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Hiring fuels durable, sluggish US economy

Companies have trouble finding qualified workers

WASHINGTON — Hiring by U.S. employers was slower but steady in August, and hourly pay jumped — trends that should sustain the U.S. economy’s record-long expansion in the coming months.

Yet with the economy still under threat from a weak global economy and President Donald Trump’s trade war with China, Chairman Jerome Powell made clear Friday that the Federal Reserve is poised to cut interest rates.

The government’s jobs report Friday showed that U.S. employers, for now, are still adding jobs at a modest pace. Hiring did slow to 130,000 jobs in August, below the average pace of the past six months.

The unemployment rate stayed at 3.7% for a third straight month, near the lowest level in five decades. And more Americans entered the workforce in August, a positive development that increased the proportion of adults who are either working or seeking work to its highest level since February.

Still, the impact of the trade war, which has yet to be fully felt by consumers and retailers, could soon inflict damage. The Trump administration has just imposed 15% tariffs on about one-fifth of Chinese imports and plans to impose another such round of import taxes on Dec. 15.

All those tariffs will fall on consumer goods ranging from clothes and toys to electronics and sporting goods, likely raising prices for shoppers and shrinking retailers’ narrow profit margins.

Trump’s previous import taxes had fallen mainly on parts and components used by manufacturers. The additional costs imposed by those tariffs and the threats of additional ones have caused businesses to cut back their spending. In addition, retaliatory tariffs from China have cut into U.S. exports.

All that has left consumers as the most important driver of U.S. economic growth. And for now, Americans are still spending. Consumer spending rose in the April-June quarter by the most in five years and also increased at a healthy clip in July. Average hourly pay rose 11 cents in August to $28.11, up 3.2% from a year earlier, easily ahead of inflation.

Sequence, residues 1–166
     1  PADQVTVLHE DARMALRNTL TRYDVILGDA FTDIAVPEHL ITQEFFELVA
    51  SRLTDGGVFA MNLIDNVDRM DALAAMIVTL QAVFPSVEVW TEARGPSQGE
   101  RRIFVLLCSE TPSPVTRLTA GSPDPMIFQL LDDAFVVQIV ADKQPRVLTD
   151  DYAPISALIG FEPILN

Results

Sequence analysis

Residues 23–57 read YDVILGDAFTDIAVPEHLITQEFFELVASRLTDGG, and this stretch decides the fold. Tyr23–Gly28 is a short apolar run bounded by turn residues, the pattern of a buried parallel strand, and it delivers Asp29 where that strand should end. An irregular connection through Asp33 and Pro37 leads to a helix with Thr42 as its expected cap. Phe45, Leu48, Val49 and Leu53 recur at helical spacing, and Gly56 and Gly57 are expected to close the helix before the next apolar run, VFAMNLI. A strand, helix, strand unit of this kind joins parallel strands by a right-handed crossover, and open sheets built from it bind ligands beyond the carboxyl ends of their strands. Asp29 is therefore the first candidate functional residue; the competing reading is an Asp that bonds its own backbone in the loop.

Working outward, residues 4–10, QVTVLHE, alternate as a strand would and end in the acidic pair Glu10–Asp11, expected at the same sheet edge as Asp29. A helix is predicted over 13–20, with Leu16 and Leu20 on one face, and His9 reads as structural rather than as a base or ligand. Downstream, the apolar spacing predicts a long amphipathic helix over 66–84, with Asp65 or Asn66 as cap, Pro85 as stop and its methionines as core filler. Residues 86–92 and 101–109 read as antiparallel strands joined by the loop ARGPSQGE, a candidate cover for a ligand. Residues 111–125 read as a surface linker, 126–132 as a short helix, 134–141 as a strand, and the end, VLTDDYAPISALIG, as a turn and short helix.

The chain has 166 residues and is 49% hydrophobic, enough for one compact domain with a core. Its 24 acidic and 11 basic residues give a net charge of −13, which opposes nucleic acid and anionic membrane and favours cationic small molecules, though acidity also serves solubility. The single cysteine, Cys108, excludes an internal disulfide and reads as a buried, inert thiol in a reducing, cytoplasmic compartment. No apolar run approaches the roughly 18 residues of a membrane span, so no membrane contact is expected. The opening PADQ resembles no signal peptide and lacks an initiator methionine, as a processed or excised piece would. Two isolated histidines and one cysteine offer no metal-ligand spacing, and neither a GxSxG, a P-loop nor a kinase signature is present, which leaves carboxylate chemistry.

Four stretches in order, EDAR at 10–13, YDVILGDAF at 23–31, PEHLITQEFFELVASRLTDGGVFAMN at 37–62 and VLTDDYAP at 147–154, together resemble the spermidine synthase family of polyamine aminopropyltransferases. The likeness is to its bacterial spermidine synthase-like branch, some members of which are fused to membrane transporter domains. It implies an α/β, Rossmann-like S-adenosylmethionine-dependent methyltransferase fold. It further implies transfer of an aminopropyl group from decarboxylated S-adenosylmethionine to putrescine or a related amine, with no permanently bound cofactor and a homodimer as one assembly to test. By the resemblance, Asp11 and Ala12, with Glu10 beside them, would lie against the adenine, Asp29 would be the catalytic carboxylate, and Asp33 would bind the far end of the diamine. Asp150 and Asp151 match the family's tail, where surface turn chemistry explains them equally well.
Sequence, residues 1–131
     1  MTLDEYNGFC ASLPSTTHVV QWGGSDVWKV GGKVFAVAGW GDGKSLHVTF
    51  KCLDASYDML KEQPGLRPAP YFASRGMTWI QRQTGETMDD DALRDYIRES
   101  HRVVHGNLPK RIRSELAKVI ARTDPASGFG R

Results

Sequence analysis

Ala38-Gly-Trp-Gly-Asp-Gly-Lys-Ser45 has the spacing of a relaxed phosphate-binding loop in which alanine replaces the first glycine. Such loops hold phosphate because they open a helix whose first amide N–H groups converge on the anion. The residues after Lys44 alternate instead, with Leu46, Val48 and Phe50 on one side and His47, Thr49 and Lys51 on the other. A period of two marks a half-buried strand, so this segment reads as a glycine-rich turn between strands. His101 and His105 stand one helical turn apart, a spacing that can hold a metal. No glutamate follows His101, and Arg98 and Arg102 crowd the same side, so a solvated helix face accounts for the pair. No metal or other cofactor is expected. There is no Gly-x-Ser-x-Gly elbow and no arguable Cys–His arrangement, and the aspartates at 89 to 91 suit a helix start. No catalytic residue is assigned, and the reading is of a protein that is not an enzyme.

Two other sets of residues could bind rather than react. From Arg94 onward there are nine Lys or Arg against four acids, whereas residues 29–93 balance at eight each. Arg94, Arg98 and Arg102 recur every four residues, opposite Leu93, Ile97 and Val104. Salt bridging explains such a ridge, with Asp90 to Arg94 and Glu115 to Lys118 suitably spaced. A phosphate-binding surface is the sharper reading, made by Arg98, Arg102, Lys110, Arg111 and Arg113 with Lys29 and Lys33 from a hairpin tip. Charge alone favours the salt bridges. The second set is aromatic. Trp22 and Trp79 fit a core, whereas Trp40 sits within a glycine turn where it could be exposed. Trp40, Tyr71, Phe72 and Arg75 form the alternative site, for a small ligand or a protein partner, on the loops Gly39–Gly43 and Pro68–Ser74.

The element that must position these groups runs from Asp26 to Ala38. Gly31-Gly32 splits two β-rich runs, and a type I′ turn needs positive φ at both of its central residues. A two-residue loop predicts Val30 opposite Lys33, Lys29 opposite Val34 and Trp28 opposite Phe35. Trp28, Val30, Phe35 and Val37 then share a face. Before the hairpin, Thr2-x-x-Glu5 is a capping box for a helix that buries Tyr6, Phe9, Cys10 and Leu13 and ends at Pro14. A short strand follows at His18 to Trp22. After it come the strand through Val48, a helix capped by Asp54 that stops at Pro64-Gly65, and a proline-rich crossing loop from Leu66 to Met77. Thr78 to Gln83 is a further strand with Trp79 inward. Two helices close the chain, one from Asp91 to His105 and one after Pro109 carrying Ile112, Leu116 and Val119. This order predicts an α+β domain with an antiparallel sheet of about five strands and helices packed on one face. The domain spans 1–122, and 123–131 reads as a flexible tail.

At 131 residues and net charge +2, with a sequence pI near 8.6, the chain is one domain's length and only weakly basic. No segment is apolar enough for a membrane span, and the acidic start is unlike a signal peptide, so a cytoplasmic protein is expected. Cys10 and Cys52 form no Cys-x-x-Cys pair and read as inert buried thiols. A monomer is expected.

“With slower, but still-solid job gains and good wage growth, households will continue to spend,” Gus Faucher, chief economist at PNC, said. “The U.S. economy should avoid recession.”

Over the past six months, employers have added an average of 150,000 jobs, down from an average of 223,000 last year. Even so, job gains at that pace are enough to lower the unemployment rate over time.

Last month’s job gains were boosted by the temporary addition of 25,000 government workers for the 2020 Census. Excluding all government hiring, the economy added just 96,000 jobs in August, the fewest since May.

One reason hiring is slipping is that with the unemployment rate so low, companies are having a harder time finding qualified workers. The solid wage gain in August suggests that more businesses are deciding that they need to offer higher pay to attract and keep employees.

“That’s a sign we’re in pretty good shape here,” said Drew Matus, an economist at Metlife Investment Management.

Speaking at an event in Switzerland, Powell said he thought the U.S. consumer is in good shape and that the job market was “strong.”

Trade fights are causing “some uncertainty,” Powell added. The Fed is monitoring economic data, he said, and will “act as appropriate to sustain the expansion.”

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